This content is not included in your SAE MOBILUS subscription, or you are not logged in

Green's Function Extraction from Atmospheric Acoustic Propagation

  • Magazine Article
  • 19AERP10_08
Published October 01, 2019 by SAE International in United States
  • English

Understanding what affects acoustic waves propagating in the atmosphere is important for a variety of military applications including the development of new remote sensing techniques.

Army Research Laboratory, Adelphi, Maryland

Acoustic waves propagating in the atmosphere may undergo many effects including refraction by temperature and wind velocity gradients, scattering by atmospheric turbulence, absorption by the atmosphere (fluid), diffraction by terrain features, and absorption and reflection by a porous ground. As a result, there may be insonification in acoustic shadow zones, amplitude and phase fluctuations of the propagating sound signals, loss of signal coherence, changes in the interference maxima and minima of the direct ground reflected waves, and multipath effects. Understanding these effects is important for a variety of military applications, such as acoustic source localization and classification, noise propagation in the atmosphere, and the development of new remote sensing techniques of the atmosphere.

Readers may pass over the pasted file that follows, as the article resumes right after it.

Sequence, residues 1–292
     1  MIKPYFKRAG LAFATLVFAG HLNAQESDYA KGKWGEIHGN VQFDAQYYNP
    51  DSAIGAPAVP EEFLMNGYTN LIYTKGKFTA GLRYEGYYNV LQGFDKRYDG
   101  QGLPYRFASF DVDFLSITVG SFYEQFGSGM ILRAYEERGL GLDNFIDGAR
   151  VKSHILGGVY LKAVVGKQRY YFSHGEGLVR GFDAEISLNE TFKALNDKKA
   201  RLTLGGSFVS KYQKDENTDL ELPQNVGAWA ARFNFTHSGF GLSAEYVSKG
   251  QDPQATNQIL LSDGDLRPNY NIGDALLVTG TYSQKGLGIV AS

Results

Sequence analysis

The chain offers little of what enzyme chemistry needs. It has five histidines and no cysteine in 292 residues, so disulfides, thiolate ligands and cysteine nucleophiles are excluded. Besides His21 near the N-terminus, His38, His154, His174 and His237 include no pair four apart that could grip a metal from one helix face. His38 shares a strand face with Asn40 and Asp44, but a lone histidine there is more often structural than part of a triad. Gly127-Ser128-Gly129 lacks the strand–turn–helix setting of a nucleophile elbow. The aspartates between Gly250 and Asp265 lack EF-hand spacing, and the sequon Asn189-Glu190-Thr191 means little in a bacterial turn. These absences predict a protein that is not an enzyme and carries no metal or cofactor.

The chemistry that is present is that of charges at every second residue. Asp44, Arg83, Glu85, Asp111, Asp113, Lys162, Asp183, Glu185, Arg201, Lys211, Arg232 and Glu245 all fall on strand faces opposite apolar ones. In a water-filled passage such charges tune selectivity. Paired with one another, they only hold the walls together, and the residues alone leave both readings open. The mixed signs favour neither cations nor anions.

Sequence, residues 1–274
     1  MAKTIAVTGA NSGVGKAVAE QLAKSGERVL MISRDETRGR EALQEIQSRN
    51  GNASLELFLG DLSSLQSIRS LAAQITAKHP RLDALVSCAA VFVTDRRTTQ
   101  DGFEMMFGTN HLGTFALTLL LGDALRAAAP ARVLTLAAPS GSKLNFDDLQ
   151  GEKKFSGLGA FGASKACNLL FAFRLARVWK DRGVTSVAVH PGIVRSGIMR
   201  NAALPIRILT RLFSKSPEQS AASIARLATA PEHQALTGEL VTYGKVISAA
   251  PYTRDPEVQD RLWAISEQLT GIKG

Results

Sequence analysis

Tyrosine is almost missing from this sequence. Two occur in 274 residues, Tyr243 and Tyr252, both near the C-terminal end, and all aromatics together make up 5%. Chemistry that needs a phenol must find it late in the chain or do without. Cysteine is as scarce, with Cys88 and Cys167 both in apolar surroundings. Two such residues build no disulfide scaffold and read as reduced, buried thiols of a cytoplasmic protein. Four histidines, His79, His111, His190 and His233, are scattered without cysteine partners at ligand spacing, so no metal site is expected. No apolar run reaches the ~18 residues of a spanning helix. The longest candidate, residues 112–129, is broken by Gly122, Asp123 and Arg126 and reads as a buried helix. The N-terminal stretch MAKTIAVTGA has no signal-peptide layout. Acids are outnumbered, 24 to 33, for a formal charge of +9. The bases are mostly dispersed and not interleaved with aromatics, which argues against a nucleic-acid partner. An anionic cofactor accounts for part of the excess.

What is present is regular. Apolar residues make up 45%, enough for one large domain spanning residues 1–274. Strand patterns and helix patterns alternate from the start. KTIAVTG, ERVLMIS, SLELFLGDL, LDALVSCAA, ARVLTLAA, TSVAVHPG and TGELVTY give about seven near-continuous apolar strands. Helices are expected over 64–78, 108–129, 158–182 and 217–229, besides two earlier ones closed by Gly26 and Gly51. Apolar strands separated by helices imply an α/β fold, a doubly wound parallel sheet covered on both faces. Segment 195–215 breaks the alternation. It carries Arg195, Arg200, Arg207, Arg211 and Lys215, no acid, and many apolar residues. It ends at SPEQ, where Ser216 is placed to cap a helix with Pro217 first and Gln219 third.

By extracting the medium impulse response, or Green's function, one may obtain information about the medium channel in order to overcome the medium effects or deduce information about the medium. For example, in acoustic communications, information is sent through a medium from a host station to client stations. The transmitted information is subjected to a variety of signal distortions and noise caused by the medium. Using time-reversal processing, it is possible to extract the channel medium impulse response from the transmission of a known pilot signal through the channel medium. This Green's function was then used to modify the subsequent signals to overcome distortion in the channel.